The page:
Needless to say, it has been awhile. I find that despite having plans, life can easily change one’s itinerary on this earth plane.
My usual M.O. (method of operation) is sleeping (!), eating(!), teaching Art to teenagers, playing with others, pondering, creating and sharing. Then repeat. In my pondering time, I find myself coming up with new ideas. In the past year, I had three ideas that I was passionate about, and was beginning to germinate.
- Idea #1 was creating a series called the Portraits of Resilience; through these works I wanted to help turn negative situations into positives, as well as showcase inspiring, everyday heroes.
- Idea #2 was that I came to the realization that it was time to share my story (and my Art). I was chosen to speak, in a T-Ed like talk, at Life is a Verb Camp, in North Carolina. The talk was called “The Courage to Remain: Choosing Life and Love.”
- Idea #3 was the internal confirmation that I wanted to revamp my webpage. I wanted to include exciting new tidbits, weekly sharings and so much more.
Well…. life had other plans. I was rerouted!
The past year has been progressively challenging to not only my life, but my ideas and plans. First of all, my chronic condition (the growth on my spine) has become more chronic. Pain levels have increased dramatically, and treatments that worked last year, have stopped in their effectiveness. Specialists and Doctors are at a loss on how to help me. In fact, my pain levels have been so high, that I had to forego my speaking engagement (at the Life is a Verb Camp). But the biggest agony in my life, and in my heart, has been the end of life status, and the passing of my mom (this past September). She was a woman who helped define me, and who was my biggest cheerleader; she is no longer here and I feel this loss.
Life has a way of putting things on pause. And so we should. Please know that if life puts you on pause, it isn’t the end. It is a moment of rest and reflection before you take your next flight.
Dictionary.com defines resilience as the ability to spring back, recover from adversity, illness, depression, or the like; buoyancy. Somehow, I think you know what I am talking about.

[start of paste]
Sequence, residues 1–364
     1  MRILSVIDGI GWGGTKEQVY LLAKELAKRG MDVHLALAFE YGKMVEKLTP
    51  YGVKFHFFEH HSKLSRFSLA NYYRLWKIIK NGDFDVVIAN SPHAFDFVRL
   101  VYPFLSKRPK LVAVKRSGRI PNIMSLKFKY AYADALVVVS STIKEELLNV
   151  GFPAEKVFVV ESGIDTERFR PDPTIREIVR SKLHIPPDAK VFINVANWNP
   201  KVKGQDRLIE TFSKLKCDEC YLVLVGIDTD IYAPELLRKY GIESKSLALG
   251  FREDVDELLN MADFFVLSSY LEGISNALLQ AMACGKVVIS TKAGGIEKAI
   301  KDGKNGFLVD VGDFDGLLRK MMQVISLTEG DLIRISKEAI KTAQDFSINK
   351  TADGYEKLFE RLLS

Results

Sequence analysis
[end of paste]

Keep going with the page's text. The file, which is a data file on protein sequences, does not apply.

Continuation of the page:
The Background to this Project
In the fall of 2014, I will be presenting at a national conference. My presentation will be about the story of my own resilience; I have a chronic condition (a growth on my spine), have gone through hell and have returned a healthier, more productive, happier and more balanced person. Through the showing of my Art, I will show my process and growth during this difficult time in my life.
Turning a Negative into a Positive!
I believe the world is full of resilient people; individuals who have sprung back from tough circumstances and situations, and are living rich and vibrant lives. Instead of focusing on the problem, as such, I wish to help others see and be inspired by the solutions. Knowledge is power.
When we were younger, we had heroes; we looked up to these people and dreamed. I think, as adults, we still need others to inspire and encourage our hopes. Life can be hard and full of twists and turns, mountains and valleys, and pain and sweat. As social beings (even us introverts!) we need to know that we aren’t alone on our journey. Today, amongst us, there are Resilient Heroes that are being honest, sharing their journey and breaking the silence to help us along our path.
What is a “Portrait of Resilience?”
I am a teacher, artist and writer. I love to combine these three roles together. I intend to create a literary and visual (an Artwork and Words) creation on Resilient Heroes. Regular people who have buoyed the tidal waves of an adversity or illness and are now living a full life.
Through research, personal interviews (via in person, phone, iPhone FaceTime, Skype and etc.) and/or a survey I have created, I will gather information about each Resilient Hero’s journey from adversity to success. By doing this, I will be able to create a “Portrait of Resilience” that represents them through my ArtWork and Words.
I want to help others. I want to give others the tools that have helped others succeed. I believe that there are common denominators in how people suffer and how they effectively cope, and therefore, thrive with their condition. I wish to share what I, and others, have learned. I believe in the power of, not only, knowledge, but hope.
Thank you to Nancy Drummond for her pdf. file, that I found on the internet, to construct these questions you are about to answer. Her work entitled “The Psychology of Chronic Illness,” is a valuable glimpse into the life of a chronic condition. And finally, I may be thanking you. If you wish to share your story, please contact me. I know you will make a difference to someone's life with your story and what you have learned.